Consult with a Certified Poison Control Center for up-to-date guidance and advice. Management of acute amphetamine intoxication is largely symptomatic and includes gastric lavage, administration of activated charcoal, administration of a cathartic, and sedation. Experience with hemodialysis or peritoneal dialysis is inadequate to permit recommendation in this regard. Acidification of the urine increases amphetamine excretion, but is believed to increase risk of acute renal failure if myoglobinuria is present. If acute, severe hypertension complicates amphetamine overdosage, administration of intravenous phentolamine has been suggested. However, a gradual drop in blood pressure will usually result when sufficient sedation has been achieved.
Chlorpromazine antagonizes the central stimulant effects of amphetamines and can be used to treat amphetamine intoxication.
Zenzedi Dosage and Administration
Amphetamines should be administered at the lowest effective dosage and dosage should be individually adjusted. Late evening doses should be avoided because of the resulting insomnia.
Usual dose is 5 to 60 mg per day in divided doses, depending on the individual patient response.
Narcolepsy seldom occurs in pediatric patients under 12 years of age; however, when it does, dextroamphetamine sulfate may be used. The suggested initial dose for patients aged 6 to 12 is 5 mg daily; daily dose may be raised in increments of 5 mg at weekly intervals until optimal response is obtained. In patients 12 years of age and older, start with 10 mg daily; daily dosage may be raised in increments of 10 mg at weekly intervals until an optimal response is obtained. If bothersome adverse reactions appear (e.g., insomnia or anorexia), dosage should be reduced. Give first dose on awakening; additional doses (1 or 2) at intervals of 4 to 6 hours.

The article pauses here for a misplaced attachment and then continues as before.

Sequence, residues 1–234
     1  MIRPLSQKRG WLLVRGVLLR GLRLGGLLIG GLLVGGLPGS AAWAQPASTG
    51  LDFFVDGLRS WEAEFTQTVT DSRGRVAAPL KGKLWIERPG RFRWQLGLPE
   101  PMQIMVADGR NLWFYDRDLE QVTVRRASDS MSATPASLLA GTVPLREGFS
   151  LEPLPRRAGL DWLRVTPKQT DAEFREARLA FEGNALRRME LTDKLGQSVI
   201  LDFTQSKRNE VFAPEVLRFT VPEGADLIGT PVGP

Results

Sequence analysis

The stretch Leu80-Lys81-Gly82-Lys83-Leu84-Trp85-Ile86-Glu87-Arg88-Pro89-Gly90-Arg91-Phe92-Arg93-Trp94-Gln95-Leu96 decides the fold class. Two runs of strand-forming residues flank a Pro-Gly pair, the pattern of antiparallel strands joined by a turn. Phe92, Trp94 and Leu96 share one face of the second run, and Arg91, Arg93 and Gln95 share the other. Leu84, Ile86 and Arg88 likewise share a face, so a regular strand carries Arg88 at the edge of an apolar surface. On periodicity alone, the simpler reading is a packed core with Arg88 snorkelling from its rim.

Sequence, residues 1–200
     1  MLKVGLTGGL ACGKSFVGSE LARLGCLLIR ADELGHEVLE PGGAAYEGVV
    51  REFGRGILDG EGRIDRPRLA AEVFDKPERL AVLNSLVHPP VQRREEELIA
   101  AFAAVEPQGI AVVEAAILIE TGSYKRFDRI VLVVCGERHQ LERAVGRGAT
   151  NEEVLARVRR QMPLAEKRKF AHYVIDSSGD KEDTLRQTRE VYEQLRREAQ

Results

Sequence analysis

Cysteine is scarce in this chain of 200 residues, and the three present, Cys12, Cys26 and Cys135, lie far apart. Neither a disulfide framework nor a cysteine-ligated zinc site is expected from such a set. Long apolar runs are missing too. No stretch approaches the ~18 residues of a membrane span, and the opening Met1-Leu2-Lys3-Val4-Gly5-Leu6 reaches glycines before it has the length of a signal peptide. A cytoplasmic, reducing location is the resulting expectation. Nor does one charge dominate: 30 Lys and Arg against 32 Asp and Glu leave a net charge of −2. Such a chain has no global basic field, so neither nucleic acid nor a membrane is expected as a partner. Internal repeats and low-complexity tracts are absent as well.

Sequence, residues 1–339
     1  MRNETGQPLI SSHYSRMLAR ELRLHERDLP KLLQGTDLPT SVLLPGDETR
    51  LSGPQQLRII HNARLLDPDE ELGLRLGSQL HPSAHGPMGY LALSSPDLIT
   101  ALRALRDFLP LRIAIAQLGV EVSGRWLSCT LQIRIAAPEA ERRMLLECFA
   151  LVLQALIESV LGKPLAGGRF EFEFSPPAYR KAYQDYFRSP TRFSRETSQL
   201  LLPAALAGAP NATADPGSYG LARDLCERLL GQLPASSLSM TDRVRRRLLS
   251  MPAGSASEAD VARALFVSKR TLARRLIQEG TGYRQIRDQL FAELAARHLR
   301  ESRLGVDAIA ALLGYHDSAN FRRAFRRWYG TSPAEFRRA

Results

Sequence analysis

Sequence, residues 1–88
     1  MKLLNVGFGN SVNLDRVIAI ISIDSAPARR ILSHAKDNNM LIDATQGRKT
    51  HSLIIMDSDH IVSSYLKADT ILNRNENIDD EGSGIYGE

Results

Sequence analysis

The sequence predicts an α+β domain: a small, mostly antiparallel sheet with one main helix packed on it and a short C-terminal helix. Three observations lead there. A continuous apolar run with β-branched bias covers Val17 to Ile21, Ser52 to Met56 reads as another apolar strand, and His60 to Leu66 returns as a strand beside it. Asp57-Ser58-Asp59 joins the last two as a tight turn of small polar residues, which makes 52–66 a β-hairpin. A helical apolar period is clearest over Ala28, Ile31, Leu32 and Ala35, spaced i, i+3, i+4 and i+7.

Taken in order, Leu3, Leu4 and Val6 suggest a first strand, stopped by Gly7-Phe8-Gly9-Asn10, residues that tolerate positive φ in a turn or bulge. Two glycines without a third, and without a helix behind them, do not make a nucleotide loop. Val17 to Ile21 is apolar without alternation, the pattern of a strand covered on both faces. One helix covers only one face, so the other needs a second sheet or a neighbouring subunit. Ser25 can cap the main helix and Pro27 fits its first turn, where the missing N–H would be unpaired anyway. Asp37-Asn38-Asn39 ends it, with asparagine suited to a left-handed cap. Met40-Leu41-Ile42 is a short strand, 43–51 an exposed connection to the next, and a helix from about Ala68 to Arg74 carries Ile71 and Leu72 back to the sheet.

Attention Deficit Disorder with Hyperactivity
Not recommended for pediatric patients under 3 years of age.
In pediatric patients 3 to 5 years of age, start with 2.5 mg daily, by tablet; daily dosage may be raised in increments of 2.5 mg at weekly intervals until optimal response is obtained.
In pediatric patients 6 years of age and older, start with 5 mg once or twice daily; daily dosage may be raised in increments of 5 mg at weekly intervals until optimal response is obtained. Only in rare cases will it be necessary to exceed a total of 40 mg per day.
Give first dose on awakening; additional doses (1 or 2) at intervals of 4 to 6 hours.
Where possible, drug administration should be interrupted occasionally to determine if there is a recurrence of behavioral symptoms sufficient to require continued therapy.
How is Zenzedi Supplied
Zenzedi (dextroamphetamine sulfate tablets, USP) is supplied as follows:
2.5 mg: White, square tablet, debossed "2.5" on one side and "MIA" on the other side in bottles of 100 tablets, NDC 24338-850-10.
7.5 mg: Light green, triangle tablet, debossed "7.5" on one side and "MIA" on the other side in bottles of 100 tablets, NDC 24338-852-10
15 mg: Light blue, pentagon tablet, debossed "15" on one side and "MIA" on the other side in bottles of 100 tablets, NDC 24338-854-10
20 mg: Purple, capsule-shaped tablet, debossed "20" on one side and "MIA" on the other side in bottles of 100 tablets, NDC 24338-855-10.
30 mg: Light yellow, hexagon tablet, debossed "30" on one side and "MIA" on the other side in bottles of 100 tablets, NDC 24338-856-10
Dispense in well-closed containers as defined in the USP.
Store at 20° to 25°C (68° to 77°F); excursions permitted 15° to 30°C (59° to 86°F). [See USP Controlled Room Temperature]
DEA Order Form Required.
Pharmacist: Medication Guide to be dispensed to Patients.
Arbor Pharmaceuticals, Inc.
Atlanta, GA 30328